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Browser Basics

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Browser Basics

Browser Basics

If you’ve ever done a search on the internet, you’ve used something called a browser. Depending on how many types of devices you own, you may be familiar with several different browsers. Some of the most popular include Google Chrome, Safari, Firefox, and Microsoft Edge. These browsers can do a lot to make your time online easier, so getting familiar with their functions is a good idea.


One thing you may or may not know is that in your browser you can use the address bar at the top of the page to start new searches. If there is already a URL there, use the backspace key to clear it and type your search terms, then press “Enter”. Using this method, you don’t need to go to the browser home page for each new query.


Creating bookmarks is a great way to efficiently visit your favorite sites in a single click. To make a bookmark, go to a website, then look to the right of the address bar. If there is a star symbol, click on it. Name the shortcut whatever you like and click “Add” or “Done”. Under your address bar there should now be a link with the name you gave the bookmark. Clicking this will bring you to the bookmarked site at any time. If there is not a star for bookmarking, click the three menu dots in the top right of the browser and look for an option having to do with bookmarks or favorites. Then use the add option from there. Right click on a bookmark and select delete if you no longer need it. Doing this will keep your browser window free from clutter.


If you’re looking at a more in-depth topic, it’s unlikely you’ll find everything you need on one website, but it may be better to have it open while you continue to search other things. In order to do this, you will need to use tabs. At the top of your browser you will see a small tab with the title of the page you are on. To the right of it will be a “+” symbol; click this to open another tab and start a new search. Click on the title of each tab to switch between them and the “X” on each tab to close it when finished.


Another helpful browser feature when trying to skim a page for information is the “Find” function. This will allow you to quickly find key words in articles or documents. Using the three menu dots at the top right of the browser look for the “Find” option. After clicking this there will be a text box at the top right ready for your key term(s). As you type, the browser will look for any letters or symbols that match that sequence. This can also include the middle of any words that happen to contain your keyword, so think about what you’re typing. The text box will show how many results are on the page and give arrows for scrolling directly to the results in the order they were found. As you move through the results the search term will be highlighted on the page. Use the “X” on the search box to close the search.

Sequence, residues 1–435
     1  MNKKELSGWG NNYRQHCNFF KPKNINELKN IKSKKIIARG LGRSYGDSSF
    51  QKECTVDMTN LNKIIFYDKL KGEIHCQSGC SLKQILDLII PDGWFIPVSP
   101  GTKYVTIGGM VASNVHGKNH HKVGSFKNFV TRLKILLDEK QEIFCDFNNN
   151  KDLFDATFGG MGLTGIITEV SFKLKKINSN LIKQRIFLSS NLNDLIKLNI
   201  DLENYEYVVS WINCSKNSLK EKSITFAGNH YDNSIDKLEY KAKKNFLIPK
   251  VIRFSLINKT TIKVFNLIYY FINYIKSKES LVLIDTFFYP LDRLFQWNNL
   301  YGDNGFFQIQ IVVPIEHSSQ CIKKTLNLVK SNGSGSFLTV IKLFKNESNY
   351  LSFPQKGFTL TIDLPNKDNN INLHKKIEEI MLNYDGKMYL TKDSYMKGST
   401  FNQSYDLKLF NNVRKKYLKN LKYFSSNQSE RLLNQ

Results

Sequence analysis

When using a browser, you may accidentally close a tab that you’ve found you need. By default, your browser will save the sites and tabs you’ve used during your browser session. To look back on this history click on the three menu dots at the top right of the browser and look for the history option. You can hover your mouse over the word history to get the last few websites you’ve visited, as well as any recently closed tabs. You can also click on the history option and see searches done on past days and what times they were completed.


Unfortunately, not all websites have the best layout. Text can sometimes be too small to read. Thankfully, your browser offers a solution to the problem. Using the three menu dots at the top right of the screen, there should be an option for zooming in and out of the page with the “+” and “-“ symbols. The page will zoom and you can scroll vertically and horizontally across the page at its new size. When done you can return to the zoom option and click reset to return to default.


These are just a few functions that are common across most browsers. Each browser has their own unique ways of adding to your internet experience. Start with the functions above and once you’re familiar, give any others that catch your attention a try. Be patient with yourself and your device. You’ll be a web surfing pro in no time!

For further information, visit your local branch of the Citrus County Library System and ask about our free technology classes. Classes are held throughout the county on a wide range of topics and subjects including Internet Basics. Your local library also offers a variety of other helpful resources and materials, all of which can be found by visiting

Colette Griffith
Instruction and Research Librarian at Central Ridge Library

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